• Yorkshire Wildlife Park (hoist and toilet)
  • Wingham Wildlife Park
  • Pili Palas Nature World
  • Camperdown Wildlife Centre (opening soon)
  • Edinburgh Zoo (hires in a bed and hoist for 1 week per year)
  • Whipsnade

(List excludes bird and wildlife reserves and parks/forests).

Possible future venues:

  • Living Coasts
  • Paignton Zoo
  • Newquay Zoo
  • Twycross Zoo
  • London (only hoist and bench currently – no toilet)

Specifically stating no hoist facilities:

  • Woburn Safari Park

However, there are over 100 venues who do not offer usable toilet facilities – not even for people who don’t use a hoist.

Why do they exclude disabled people?

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Not what it said on the tin

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Signage is part of a toilet being ‘accessible’. Regular readers will know that generally I don’t seem to be having the best of experiences at zoo’s lately! I came across a problem which, like my recent trip to Bluewater shopping mall, highlighted the barrier that is signage.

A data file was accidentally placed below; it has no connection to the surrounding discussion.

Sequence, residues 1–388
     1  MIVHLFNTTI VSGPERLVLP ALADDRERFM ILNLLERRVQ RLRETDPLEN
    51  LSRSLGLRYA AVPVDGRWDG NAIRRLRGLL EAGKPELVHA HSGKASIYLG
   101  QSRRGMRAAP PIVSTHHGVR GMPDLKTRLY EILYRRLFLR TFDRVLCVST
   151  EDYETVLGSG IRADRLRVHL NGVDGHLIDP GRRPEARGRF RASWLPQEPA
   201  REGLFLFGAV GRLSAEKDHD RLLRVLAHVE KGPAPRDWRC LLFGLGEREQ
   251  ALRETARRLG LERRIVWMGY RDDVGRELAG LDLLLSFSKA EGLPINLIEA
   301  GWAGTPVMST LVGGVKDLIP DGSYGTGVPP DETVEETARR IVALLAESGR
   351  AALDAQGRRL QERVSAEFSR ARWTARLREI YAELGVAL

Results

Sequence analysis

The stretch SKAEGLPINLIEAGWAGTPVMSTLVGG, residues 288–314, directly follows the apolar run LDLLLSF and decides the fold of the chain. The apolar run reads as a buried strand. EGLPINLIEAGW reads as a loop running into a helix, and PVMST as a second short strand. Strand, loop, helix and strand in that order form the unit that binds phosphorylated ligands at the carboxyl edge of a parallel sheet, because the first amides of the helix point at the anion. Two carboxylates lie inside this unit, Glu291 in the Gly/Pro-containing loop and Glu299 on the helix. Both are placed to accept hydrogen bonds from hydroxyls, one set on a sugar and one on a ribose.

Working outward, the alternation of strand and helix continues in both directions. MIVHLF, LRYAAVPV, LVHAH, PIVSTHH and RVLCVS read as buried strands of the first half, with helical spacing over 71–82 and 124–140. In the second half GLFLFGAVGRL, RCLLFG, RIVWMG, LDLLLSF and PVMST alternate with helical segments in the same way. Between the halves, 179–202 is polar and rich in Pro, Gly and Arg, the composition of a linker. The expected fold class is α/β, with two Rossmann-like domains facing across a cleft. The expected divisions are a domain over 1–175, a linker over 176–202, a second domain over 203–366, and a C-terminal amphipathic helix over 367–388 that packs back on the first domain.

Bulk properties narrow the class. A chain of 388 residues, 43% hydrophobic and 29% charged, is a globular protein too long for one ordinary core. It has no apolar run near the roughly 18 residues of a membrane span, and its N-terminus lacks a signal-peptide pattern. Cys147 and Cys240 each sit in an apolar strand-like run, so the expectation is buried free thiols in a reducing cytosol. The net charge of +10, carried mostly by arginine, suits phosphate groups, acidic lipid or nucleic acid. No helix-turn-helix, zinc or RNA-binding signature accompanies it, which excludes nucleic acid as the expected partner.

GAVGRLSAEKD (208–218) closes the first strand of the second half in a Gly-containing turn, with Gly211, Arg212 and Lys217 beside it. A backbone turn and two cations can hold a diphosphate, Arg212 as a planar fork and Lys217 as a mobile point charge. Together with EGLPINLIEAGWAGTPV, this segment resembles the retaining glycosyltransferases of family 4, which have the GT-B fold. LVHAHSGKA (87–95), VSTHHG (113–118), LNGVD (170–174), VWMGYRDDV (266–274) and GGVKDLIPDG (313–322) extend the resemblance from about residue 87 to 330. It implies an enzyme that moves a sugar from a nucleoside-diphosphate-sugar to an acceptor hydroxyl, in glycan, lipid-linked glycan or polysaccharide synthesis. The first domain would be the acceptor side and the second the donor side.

Here is a good example of how poor signage can turn a good day into a frustrating one.

I’ll start with Colchester Zoo in Essex.

I saw on their map they had an Adult Changing facility (with a wheelchair logo). This is what their website says: 

* All 13 sets of toilets around the zoo and at our cafes have disabled toilet facilities.

* An adult changing area for those with additional needs is provided at the toilet facilities near the meerkat enclosure. Please ask for a key at the Guest Services office or the nearby Meerkat Hangout cafe.

Whoopee – easy toilet access. The map didn’t indicate a key was needed so initially we found the toilet block and discovered it to be locked. To cut a long story short, we asked for the key, the key had been lost and another was brought over. 20 minutes later…

We opened the door expecting to see an adult changing table a toilet and a hoist. What we found was entirely different – a bed, a small sink and just enough space to go into forward and out backwards in a wheelchair.